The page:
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Todd Anderson-Kunert, "A Good Time to Go"

cover imageAustralia’s Todd Anderson-Kunert’s discography as a sound artist may have been relatively brief thus far (his earliest solo electronic work as Autonomous dates from 2007), but the quality has been exceptionally strong given his relative newness on the scene, and A Good Time to Go is no different. His blend of experimental electronics is an especially dynamic one that builds brilliantly from piece to piece on this tape, covering a wide spectrum of mood and diversity, while still functioning as a cohesive album.


One of the most striking aspects of A Good Time to Go is his focus on keeping the sound developing and evolving from beginning to end.Right from the opening "No.," this is obvious, with its deep, drum-like sounds stabbing aggressively through, leaving a trail of granular sounds and microscopic bits of sound.There is a sense of structure within the chaotic spaces, and a commanding shift once he brings in some expansive, thick low end bass sounds.Some more obvious synth moments are paired with abstract static bits to make for a strong mix of sounds, all done within the span of five minutes.The following "It's Taking Forever" continues to exemplify his penchant for bass frequencies, with a heavy rumble underscoring an overall audio creeping.He may work in some lighter, twinkling synthesizer passages, but the mood is kept dark via massive doomy thuds and sinister swells.The mix becomes sparser as it goes on, but the mood does not really lighten at any point.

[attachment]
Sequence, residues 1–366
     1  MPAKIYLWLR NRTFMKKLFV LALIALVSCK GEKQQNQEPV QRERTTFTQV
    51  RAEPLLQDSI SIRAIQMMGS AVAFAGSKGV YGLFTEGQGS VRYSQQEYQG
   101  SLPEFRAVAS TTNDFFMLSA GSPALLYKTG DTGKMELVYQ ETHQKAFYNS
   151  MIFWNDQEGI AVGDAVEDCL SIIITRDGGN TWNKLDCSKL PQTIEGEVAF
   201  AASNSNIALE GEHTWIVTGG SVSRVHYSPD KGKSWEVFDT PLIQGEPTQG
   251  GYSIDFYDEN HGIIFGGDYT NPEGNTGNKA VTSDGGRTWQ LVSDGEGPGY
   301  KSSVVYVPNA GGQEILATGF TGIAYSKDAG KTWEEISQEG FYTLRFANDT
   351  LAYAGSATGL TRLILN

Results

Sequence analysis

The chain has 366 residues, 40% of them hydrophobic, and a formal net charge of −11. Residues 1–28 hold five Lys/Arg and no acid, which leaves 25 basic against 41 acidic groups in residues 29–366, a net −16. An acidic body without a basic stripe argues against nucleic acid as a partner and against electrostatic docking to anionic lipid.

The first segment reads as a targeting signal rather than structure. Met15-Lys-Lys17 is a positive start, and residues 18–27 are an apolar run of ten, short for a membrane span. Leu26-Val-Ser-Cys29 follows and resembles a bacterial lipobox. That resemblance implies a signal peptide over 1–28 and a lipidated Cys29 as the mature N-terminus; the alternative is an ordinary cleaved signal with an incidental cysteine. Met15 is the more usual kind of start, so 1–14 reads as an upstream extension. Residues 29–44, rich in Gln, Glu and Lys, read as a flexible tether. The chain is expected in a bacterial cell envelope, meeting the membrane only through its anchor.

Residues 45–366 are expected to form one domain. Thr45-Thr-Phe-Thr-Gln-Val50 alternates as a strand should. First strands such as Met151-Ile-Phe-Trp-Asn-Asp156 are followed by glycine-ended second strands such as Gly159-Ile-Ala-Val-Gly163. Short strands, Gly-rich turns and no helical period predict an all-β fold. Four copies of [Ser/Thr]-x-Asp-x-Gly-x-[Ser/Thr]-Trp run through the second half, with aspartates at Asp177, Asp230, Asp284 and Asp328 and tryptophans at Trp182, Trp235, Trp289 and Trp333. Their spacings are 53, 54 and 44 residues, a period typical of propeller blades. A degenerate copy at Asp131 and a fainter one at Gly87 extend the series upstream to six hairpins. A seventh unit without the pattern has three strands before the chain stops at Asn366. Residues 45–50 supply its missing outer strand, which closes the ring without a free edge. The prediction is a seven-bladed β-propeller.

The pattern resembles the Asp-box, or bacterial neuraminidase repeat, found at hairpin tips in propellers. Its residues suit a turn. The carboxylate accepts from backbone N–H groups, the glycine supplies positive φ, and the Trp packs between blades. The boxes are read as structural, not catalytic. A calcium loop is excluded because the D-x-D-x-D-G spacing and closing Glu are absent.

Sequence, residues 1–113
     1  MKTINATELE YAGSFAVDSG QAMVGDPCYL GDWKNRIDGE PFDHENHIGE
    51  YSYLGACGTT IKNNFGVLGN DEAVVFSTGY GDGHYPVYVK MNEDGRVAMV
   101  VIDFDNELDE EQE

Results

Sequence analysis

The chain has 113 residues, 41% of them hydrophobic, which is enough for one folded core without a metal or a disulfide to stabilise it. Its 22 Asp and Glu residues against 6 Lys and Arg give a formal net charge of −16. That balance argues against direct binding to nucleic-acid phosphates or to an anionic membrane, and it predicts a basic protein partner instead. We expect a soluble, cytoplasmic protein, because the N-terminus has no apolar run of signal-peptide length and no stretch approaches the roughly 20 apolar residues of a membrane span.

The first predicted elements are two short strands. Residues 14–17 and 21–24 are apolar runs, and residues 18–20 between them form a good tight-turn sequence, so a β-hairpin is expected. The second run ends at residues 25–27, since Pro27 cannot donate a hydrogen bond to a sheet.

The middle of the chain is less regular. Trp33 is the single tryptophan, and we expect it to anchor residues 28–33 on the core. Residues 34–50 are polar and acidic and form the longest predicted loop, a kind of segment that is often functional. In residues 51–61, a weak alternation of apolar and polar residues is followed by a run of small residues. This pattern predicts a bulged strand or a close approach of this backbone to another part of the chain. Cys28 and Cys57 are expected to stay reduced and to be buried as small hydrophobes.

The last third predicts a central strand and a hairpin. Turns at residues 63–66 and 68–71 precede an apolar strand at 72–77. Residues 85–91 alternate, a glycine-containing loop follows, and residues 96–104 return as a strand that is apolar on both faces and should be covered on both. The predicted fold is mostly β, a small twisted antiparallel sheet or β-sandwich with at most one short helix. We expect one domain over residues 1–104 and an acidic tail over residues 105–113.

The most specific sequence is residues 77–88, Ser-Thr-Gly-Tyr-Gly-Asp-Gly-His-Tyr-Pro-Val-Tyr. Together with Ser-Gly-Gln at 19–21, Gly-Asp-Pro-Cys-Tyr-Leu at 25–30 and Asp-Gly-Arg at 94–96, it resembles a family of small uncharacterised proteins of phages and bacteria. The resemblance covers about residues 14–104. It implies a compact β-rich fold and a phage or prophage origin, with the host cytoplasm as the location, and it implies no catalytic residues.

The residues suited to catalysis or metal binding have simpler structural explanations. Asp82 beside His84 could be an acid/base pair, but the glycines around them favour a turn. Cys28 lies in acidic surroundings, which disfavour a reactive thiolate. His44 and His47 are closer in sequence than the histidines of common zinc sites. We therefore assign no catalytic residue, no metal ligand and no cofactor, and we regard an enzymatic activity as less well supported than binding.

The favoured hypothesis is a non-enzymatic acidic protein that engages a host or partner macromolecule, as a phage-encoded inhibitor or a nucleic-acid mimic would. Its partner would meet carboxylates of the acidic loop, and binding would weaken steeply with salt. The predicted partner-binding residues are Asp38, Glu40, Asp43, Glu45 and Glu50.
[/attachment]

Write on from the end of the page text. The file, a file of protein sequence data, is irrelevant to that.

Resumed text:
For "A Moment to Have," he steers the composition into some more ominous territories.Slowly evolving textures are juxtaposed with silent passages as high frequency sci-fi sounds and some bizarre animal-like groans bore through the mix.There is an oddly natural, organic quality to the instrumentation that makes it even more unsettling.Sitting right in the middle of the running order though, Todd uses this as a transitional piece, with the mood becoming somewhat lighter from then on.

The buzzing interference and dying synths of "When, Now?" may not illustrate this shift too well at first, but within the noisier sections, Todd incorporates some cleaner tones and sounds. These eventually resemble a melodic progression, bringing a bit of light into the surrounding darkness.Percussive bits and a bleak electronic hum lead off "It's Ok," but on the whole there is more breathing room and openness throughout.The mood starts to become darker once again, however, with drum-like thuds echoing through like thunder, bringing along clouds of static to darken things back up as the tape comes to a close.

Within the span of a half hour, A Good Time to Go is a dense suite of songs that capture change perfectly.Todd Anderson-Kuner'’s composition and performance have a sense of unity from piece to piece, but they are constantly changing and developing from moment to moment.The change is a good thing, and never does it seem meandering or overly repetitive.The final product is an excellent balance between consistency and evolution, making for an excellent work from beginning to end.